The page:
An asphalt treatment substance spilled Wednesday near Tonganoxie Creek, prompting fire department crews to throw down sand mixture to prevent the spill from contaminating the creek.
According to Tonganoxie Fire Chief Dave Bennett, he received a call about 11 a.m. that the spill had occurred. He said 300 gallons of tack oil, which is a substance road crews use to bond existing asphalt to new asphalt being applied to roads, spilled from a city vehicle carrying the substance.
The spill occurred northeast of the Tonganoxie City Fire Station near a low-water bridge in the creek.
Bennett said it appeared that residual oil from the valve warmed up from the outdoor temperatures and leaked from the city vehicle, which was parked in an open area next to a wooded area by the creek. A gravel lot between the fire station and the creek also contains storage of a sand-salt mixture the city uses to treat roads in the winter.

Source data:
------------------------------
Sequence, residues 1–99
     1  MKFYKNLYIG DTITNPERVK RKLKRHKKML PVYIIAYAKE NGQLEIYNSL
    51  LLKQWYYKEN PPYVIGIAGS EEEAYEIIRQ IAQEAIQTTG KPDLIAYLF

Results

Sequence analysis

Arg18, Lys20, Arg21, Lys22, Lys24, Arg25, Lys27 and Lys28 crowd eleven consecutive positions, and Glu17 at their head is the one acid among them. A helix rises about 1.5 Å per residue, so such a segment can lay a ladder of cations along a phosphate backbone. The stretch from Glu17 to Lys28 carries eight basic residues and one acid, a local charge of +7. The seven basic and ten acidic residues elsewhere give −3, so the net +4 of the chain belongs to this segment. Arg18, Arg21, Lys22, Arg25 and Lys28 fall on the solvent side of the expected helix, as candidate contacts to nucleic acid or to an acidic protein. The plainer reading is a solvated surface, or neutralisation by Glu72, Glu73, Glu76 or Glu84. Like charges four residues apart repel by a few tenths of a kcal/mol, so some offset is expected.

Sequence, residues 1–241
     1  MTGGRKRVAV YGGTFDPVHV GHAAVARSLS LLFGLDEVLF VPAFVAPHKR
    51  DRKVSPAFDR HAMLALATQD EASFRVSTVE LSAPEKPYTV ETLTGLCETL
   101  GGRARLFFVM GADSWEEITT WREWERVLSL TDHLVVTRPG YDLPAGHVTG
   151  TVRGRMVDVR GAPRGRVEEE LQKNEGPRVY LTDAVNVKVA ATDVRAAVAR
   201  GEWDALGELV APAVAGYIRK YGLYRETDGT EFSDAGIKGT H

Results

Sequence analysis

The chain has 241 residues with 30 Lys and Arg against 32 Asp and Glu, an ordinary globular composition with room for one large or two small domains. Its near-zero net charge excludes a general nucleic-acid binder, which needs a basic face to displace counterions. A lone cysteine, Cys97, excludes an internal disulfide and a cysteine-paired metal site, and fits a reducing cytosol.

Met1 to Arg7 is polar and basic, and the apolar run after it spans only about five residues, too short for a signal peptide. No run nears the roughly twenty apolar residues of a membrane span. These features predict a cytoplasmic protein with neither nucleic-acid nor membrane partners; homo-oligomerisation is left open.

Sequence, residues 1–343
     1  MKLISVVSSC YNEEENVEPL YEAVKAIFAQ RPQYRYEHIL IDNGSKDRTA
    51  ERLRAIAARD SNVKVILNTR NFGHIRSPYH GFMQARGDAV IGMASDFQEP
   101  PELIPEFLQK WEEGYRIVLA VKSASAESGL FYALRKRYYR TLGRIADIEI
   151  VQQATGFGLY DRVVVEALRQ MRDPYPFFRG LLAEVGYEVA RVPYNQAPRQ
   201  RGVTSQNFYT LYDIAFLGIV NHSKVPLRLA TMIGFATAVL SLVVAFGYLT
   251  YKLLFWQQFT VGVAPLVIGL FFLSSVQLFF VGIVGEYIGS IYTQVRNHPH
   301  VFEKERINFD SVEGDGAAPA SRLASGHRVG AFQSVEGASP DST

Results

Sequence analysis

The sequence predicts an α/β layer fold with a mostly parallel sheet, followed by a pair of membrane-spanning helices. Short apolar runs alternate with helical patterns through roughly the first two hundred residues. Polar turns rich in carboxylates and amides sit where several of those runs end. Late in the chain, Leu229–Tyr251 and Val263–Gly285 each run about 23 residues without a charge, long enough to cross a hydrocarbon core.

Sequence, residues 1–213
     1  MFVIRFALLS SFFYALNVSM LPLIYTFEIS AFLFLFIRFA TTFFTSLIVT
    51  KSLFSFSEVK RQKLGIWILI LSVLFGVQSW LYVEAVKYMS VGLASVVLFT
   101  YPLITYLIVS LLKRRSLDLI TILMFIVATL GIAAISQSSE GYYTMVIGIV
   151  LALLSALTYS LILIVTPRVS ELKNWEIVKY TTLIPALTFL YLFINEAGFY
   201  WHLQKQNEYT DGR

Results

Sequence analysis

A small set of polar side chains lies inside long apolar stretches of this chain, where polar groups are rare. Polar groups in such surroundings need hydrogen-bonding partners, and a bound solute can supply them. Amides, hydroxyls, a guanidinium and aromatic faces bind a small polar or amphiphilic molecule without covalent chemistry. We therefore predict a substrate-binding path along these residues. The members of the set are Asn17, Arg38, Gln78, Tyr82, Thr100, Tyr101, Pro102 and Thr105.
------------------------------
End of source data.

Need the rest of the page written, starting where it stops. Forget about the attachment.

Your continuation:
Some of that sand was poured on the wooded area. Firefighters used the sand, as well as equipment known as gator tails, to absorb the spill in what Bennett estimated to be about a 1,600 square-foot area. The gator tails, which are a few feet long and resemble elongated sand bags, have a substance in them that absorbs the oil. Dikes were built with the sand for the gator tails and sand was then used as "backfill," Bennett said.
Early Wednesday afternoon, Bennett said he was in contact with the Kansas Department of Health and Environment, as well as Leavenworth County Emergency Management director Chuck Magaha, for additional evaluation of the scene.
Bennett said the oil did not seep into the creek and the treated area does not pose any risks to residents.